“They started calling it the ‘mechanical banshee’. It would have been here on a fairly regular basis so people had associated the helicopter coming with people in the river, and more often than not there was. You’d hear it and go ‘oh no. Not again.’ It’s so loud and comes so low, all of Limerick can hear it. And it was because of that, all of this started.”
Standing in the base of Limerick Suicide Watch, the group’s chairperson Colm O’Byrne is telling me how the volunteer crew started out patrolling the city’s river, trying to prevent death by suicide, with just a few people operating out of the back of a car.
Since 2010, Limerick city has had the highest rate of suicide in the country. The most recent figures from the National Office of Suicide Prevention shows the city’s rate was more than double the national average at 21.8 deaths per 100,000 population for 2013-2015. For Dublin, the figure is 7.3. The national average for the same period is 10.1.
The bridges along Limerick’s river Shannon are monitored every night of the week, with Limerick Suicide Watch and another voluntary group, Corbett Suicide Prevention Limerick, each covering different days.
Since it started in 2016, Limerick Suicide Watch says it has saved 180 lives.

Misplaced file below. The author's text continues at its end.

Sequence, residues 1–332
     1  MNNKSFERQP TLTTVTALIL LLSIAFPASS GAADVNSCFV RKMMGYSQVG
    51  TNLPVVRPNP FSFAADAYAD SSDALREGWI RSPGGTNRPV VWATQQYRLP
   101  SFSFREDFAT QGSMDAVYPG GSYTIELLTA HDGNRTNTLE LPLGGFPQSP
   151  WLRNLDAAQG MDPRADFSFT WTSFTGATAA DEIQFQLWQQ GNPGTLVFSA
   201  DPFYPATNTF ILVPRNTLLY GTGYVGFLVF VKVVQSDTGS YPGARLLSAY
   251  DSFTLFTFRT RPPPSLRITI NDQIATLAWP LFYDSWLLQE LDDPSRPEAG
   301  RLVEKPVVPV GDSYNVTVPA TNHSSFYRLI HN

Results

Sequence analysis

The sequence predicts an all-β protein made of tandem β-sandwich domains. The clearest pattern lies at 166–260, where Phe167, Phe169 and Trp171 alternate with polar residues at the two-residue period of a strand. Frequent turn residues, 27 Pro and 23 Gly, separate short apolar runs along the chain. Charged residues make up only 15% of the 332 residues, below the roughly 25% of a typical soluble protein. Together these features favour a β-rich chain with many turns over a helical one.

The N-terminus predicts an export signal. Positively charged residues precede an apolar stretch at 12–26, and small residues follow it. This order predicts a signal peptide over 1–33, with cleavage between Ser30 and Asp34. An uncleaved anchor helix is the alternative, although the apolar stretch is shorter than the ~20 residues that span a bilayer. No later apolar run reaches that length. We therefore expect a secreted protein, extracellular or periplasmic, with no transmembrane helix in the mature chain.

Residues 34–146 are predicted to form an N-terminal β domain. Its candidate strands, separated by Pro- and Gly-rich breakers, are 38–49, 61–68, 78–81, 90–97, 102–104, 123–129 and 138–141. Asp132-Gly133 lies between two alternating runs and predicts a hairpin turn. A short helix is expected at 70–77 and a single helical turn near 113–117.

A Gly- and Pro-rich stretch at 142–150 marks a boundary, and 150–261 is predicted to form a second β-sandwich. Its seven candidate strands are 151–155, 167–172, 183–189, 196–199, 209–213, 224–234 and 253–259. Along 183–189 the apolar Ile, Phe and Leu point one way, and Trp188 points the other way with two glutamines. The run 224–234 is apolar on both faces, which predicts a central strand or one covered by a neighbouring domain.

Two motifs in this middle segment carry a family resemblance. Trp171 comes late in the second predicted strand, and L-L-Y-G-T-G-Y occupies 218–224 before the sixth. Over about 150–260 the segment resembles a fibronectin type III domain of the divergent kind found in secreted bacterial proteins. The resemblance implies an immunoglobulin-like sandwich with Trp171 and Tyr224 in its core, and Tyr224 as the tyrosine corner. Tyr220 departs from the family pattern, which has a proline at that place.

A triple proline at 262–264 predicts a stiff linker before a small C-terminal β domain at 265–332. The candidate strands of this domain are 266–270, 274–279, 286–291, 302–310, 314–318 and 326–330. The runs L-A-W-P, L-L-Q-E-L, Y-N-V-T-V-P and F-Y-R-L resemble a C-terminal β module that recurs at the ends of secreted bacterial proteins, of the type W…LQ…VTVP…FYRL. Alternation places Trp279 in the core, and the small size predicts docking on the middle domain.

“They would be serious interventions. That’d be physically taking people down off bridges and walls, or where you talk to somebody who is sitting on a bench but who intends on going into the river,” says O’Byrne. Sometimes, people have jumped while a volunteer was talking with them.
Valentia Coast Guard (R116), which attends to emergencies on the river Shannon, says the number of calls it has taken since the group started “is definitely down”.
While, in many cases, Limerick Suicide Watch is able to calm the person, call a friend or family member to come take them home, and, hopefully, get the help they need, other situations are even more challenging. “You meet others who know a lot about suicide intervention, they know all the techniques of Asist [Applied Suicide Intervention Skills Training] that we use and so when we are trying to give them all the reasons they shouldn’t take their own lives, things like their friends and family, they have a counter argument for each,” says Joan Forde. “It’s happened to me twice, with two different people. In those cases we had to call the police.”